“It is well that war is so terrible,” General Robert E. Lee lamented, “otherwise we would grow too fond of it.” On the other side of the Civil War, Union General William Tecumseh Sherman stated more simply that “war is hell.” They knew fighting for a cause always meant good soldiers suffer; some make the ultimate sacrifice; and often innocents get tragically caught in the crossfire. War always comes at a terrible cost.
Here are ten war films to watch this Memorial Day that will make you weep.
#10. Gunga Din
A 1939 adventure film “inspired” by the Rudyard Kipling poem follows the exploits of three British army lieutenants — Cutter (Cary Grant), MacChesney (Victor McLaglen), Ballantine (Douglas Fairbanks Jr.) — on the Indian frontier. The movie is all dash and panache, except for the erstwhile native water carrier, Gunga Din (Sam Jaffe), whose only dream is to be a real soldier. In the end, it’s the regimental “beastie,” shot, bayonetted, but carrying on, who saves the day before he falls. Sob along at the end of the film when the colonel declares over the funeral pyre, “You’re a better man than I am, Gunga Din!”
It is 1942. The allies are poised to strike back with an invasion of North Africa. Meanwhile, on the silver screen, Rick (Humphrey Bogart) and Ilsa (Ingrid Bergman) cross wits with Nazis in Vichy-controlled Morocco. More than just a romantic drama, Casablanca is the America war film. Rick’s journey from indifferent saloon-keeper to sacrificing patriot parallels the country’s transformation from isolationist nation to the arsenal of democracy. At the end of the film, Rick speaks for every GI heading off to fight for freedom:
I’ve got a job to do, too. Where I’m going, you can’t follow. What I’ve got to do, you can’t be any part of. Ilsa, I’m no good at being noble, but it doesn’t take much to see that the problems of three little people don’t amount to a hill of beans in this crazy world. Someday you’ll understand that.
They cried all over America.
#8. Paths of Glory
The title of this 1957 film about trench warfare during World War I is wholly ironic. After a regiment fails to take an important objective, the commanding general wants every man shot for cowardice. Instead, he “compromises.” Three men must be chosen from the ranks, court-martialed, and executed. Even the film’s noble hero, Colonel Dax (Kirk Douglas), can’t turn back the tide of injustice. Called “the most powerful anti-war film ever made,” the movie is really about corruption, not combat. The film’s sad lesson is that with all the inhumanity inherent in war, especially despicable are those who, for their own vainglory, who would make war even worse.
#7. A Bridge Too Far
After Vietnam, Americans didn’t love war movies anymore — at least not ones that portrayed soldiers as the good guys. In 1977, Hollywood tried a compromise — a film about the true story of heroic military men forced to execute a general’s idiotic plan — Operation Market Garden. During World War II, Field Marshal Montgomery intended to shorten the European campaign by capturing a series of bridges leading straight to Berlin with a “carpet” of airborne troops. Everything goes wrong. There is heartbreak at every turn. Not even an appearance by Robert Redford can save the day.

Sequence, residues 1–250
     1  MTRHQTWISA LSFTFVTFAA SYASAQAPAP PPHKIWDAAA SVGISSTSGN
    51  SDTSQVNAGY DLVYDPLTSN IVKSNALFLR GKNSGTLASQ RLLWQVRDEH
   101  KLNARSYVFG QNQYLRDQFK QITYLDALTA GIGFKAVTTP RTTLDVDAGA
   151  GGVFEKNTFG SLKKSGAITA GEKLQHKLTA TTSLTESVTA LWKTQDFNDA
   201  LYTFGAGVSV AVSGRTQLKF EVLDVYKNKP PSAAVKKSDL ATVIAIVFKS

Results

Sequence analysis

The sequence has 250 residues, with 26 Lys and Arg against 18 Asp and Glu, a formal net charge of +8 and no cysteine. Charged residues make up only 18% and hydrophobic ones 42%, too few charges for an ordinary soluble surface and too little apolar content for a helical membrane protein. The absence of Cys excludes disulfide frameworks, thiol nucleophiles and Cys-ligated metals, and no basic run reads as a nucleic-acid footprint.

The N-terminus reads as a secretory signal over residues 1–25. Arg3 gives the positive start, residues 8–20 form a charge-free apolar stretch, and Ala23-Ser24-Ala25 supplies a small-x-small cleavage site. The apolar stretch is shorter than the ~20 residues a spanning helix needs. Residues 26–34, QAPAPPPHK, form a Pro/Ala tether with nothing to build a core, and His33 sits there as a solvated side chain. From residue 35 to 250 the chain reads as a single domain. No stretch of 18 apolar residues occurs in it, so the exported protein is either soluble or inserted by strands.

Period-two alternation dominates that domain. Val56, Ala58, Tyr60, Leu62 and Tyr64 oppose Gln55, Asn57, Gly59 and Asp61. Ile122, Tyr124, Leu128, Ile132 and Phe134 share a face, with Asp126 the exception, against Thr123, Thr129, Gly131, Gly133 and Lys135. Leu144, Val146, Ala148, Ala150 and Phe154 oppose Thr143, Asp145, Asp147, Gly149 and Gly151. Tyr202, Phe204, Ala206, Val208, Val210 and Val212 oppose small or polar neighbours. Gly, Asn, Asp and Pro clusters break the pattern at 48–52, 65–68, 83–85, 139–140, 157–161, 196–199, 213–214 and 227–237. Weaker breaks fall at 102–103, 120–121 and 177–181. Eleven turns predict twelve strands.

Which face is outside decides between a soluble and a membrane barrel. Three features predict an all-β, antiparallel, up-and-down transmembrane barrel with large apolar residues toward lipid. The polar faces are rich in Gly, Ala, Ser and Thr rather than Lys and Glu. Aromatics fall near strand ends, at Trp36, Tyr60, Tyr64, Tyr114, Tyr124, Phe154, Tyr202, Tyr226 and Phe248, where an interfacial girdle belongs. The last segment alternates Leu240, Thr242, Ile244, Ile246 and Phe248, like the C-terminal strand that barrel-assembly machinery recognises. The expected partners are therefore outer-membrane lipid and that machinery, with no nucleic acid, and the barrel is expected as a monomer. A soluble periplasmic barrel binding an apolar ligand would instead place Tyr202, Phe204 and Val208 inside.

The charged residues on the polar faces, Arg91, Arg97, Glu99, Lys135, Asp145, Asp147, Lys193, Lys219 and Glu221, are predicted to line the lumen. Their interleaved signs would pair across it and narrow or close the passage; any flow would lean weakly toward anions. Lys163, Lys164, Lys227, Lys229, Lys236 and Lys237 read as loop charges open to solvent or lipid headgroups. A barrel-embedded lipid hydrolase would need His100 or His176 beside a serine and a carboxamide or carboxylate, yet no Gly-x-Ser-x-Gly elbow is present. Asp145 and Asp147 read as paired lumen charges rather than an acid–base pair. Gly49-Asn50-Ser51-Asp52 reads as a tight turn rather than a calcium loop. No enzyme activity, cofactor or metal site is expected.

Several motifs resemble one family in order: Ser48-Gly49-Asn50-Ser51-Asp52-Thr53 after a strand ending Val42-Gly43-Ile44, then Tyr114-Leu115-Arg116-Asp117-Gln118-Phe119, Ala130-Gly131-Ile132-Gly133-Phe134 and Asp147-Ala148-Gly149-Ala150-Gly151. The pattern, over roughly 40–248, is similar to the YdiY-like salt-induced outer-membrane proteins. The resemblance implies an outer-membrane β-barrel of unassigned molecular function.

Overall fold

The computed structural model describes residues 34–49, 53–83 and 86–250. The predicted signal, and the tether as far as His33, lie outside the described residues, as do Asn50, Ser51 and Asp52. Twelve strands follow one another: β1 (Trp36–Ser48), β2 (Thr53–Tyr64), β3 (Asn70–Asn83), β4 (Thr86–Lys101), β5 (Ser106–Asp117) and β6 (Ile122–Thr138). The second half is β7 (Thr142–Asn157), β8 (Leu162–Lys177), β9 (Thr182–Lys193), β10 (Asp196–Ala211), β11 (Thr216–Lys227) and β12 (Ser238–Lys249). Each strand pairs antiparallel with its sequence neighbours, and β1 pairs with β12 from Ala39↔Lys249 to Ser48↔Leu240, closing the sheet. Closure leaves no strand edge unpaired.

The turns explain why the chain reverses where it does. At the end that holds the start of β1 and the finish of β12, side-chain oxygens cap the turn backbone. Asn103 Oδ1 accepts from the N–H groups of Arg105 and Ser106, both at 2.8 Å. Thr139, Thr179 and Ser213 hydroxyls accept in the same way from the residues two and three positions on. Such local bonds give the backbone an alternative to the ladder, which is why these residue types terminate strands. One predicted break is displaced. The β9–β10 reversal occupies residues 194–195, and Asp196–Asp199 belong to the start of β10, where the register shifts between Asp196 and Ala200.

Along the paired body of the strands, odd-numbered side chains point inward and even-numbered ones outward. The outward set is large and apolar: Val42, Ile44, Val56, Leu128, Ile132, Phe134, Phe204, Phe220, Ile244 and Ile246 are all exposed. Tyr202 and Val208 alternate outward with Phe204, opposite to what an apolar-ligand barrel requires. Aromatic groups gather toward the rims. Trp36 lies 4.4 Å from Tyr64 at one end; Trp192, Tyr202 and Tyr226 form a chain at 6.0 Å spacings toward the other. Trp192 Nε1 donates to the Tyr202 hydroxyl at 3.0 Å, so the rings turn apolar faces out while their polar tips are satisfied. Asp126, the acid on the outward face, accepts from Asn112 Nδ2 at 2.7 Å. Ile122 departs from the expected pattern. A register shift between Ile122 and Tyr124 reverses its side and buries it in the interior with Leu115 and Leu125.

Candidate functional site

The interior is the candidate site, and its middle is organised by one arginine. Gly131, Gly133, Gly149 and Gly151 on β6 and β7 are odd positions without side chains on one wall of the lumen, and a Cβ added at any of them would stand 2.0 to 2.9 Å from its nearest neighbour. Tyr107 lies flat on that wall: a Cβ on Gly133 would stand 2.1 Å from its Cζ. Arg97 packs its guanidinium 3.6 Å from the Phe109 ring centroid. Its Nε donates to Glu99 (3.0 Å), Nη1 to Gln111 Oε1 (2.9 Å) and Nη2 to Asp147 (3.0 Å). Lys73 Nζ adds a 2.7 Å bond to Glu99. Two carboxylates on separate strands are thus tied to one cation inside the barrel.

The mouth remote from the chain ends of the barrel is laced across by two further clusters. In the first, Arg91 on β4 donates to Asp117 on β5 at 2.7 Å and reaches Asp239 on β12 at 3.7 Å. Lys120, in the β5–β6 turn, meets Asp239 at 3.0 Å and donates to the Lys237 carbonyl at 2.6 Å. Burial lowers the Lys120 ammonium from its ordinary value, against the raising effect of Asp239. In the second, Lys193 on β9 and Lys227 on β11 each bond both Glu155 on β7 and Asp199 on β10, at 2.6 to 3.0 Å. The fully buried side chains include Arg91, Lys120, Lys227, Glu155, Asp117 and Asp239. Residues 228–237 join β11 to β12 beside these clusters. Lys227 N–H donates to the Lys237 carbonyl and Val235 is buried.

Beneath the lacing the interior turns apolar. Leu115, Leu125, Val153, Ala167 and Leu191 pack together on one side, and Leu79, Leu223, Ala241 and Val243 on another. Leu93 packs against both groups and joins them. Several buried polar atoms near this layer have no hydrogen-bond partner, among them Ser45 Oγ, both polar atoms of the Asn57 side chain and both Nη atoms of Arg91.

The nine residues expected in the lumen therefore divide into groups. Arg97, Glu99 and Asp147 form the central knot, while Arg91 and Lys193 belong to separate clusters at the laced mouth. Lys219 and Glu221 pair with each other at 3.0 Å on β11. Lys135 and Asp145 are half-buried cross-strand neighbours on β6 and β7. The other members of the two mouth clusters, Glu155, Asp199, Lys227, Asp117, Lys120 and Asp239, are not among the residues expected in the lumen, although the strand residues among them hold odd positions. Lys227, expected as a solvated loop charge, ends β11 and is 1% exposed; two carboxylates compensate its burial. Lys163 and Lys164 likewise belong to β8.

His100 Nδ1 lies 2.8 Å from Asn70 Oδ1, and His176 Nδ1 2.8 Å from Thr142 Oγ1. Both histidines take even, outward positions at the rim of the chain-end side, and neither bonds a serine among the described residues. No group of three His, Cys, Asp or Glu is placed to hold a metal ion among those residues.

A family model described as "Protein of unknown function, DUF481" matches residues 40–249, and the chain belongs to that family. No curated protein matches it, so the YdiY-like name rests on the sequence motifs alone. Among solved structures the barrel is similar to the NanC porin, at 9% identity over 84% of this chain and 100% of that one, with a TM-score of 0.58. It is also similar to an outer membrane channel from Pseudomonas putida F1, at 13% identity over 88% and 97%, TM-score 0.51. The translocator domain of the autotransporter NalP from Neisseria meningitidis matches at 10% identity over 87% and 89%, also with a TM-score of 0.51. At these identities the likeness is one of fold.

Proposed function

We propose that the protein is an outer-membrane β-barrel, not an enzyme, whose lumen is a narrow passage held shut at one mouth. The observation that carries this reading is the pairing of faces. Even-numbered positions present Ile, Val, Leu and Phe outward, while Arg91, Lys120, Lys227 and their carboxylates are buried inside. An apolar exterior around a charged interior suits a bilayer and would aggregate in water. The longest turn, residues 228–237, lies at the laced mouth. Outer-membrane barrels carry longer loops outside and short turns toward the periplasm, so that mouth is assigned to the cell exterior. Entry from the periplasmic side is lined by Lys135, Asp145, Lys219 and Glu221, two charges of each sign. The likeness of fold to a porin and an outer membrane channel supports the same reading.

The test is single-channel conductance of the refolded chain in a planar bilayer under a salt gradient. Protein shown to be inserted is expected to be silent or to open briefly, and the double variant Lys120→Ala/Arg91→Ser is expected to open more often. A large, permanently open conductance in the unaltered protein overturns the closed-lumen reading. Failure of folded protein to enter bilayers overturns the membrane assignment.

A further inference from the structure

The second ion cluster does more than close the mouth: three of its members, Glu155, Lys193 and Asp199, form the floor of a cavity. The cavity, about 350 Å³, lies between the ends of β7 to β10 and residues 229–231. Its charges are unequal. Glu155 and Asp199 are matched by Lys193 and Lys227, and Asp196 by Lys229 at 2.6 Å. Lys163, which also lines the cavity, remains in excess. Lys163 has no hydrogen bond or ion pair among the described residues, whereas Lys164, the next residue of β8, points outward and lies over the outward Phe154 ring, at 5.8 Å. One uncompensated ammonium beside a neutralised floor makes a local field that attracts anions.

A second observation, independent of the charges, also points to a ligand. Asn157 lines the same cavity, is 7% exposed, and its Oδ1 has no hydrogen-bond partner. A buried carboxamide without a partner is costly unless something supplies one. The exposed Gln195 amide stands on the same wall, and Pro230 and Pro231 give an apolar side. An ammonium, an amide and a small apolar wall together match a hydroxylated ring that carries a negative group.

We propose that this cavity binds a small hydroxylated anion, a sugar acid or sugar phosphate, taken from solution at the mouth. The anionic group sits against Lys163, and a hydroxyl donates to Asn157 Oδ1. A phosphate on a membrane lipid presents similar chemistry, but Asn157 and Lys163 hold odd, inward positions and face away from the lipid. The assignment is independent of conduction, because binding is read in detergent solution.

“Give ‘em hell, 54th!” The 54th Massachusetts Regiment was one of the first black Civil War units in the Union Army to see frontline combat. In this 1989 film, Matthew Broderick plays the abolitionist Robert Gould Shaw, who commanded the regiment. In the ranks are Denzel Washington, Morgan Freeman, Cary Elwes, and Andre Braugher. Together they tell an inspiring story. Then they all die.
This 1993 film tells the story of three bloody days in 1863 that turned the tide of the Civil War. Each day’s fighting delivers its “lump in your throat” scenes, but its General George Pickett (Stephen Lang) that grabs the most pitiable moment. In the aftermath of the disastrous Pickett’s Charge, General Robert E. Lee (Martin Sheen) urges the distraught general to look to his division. Pickett answers, “General Lee… I have no division.”
#4. Forrest Gump
Sandwiched in the middle of a quirky 1994 comedy is a moving tug-at-your-heart-strings war movie. Forrest (Tom Hanks) runs through a gauntlet of withering fire, explosions and burning jungle, only to see his best buddy die in his arms. It’s a devastating moment of moving cinema, but it still was nice to see Hollywood finally start treating Vietnam War veterans as something other than drug-crazed baby killers.
The opening scenes of this Academy Award-winning 1998 film depicting the D-Day invasion of Normandy are arguably some of the most realistic moments of a war movie ever made. The rest of the movie is just corny-Hollywood. Still, who can watch Tom Hanks tell Matt Damon with his dying breath “earn it” and not lose it?
In one of the best and one of the most overlooked Vietnam War movies, two buddies, played by Colin Farrell and Jim Paxton, share the trials of soldiering from the first days of boot camp to the last training exercise before deploying to Vietnam. Tigerland (2000) delivers plenty of angst about men facing the fear before war, but also has a nice cathartic finish.
In most war movies, the other side is usually a faceless foil, not so in this 2006 film about a Japanese soldier (Kazunari Ninomiya) who finds himself in the midst of one of the apocalyptic battles of World War II. It’s a touching and heartbreaking accounting of misery and courage on the “enemy’s” side of the battle.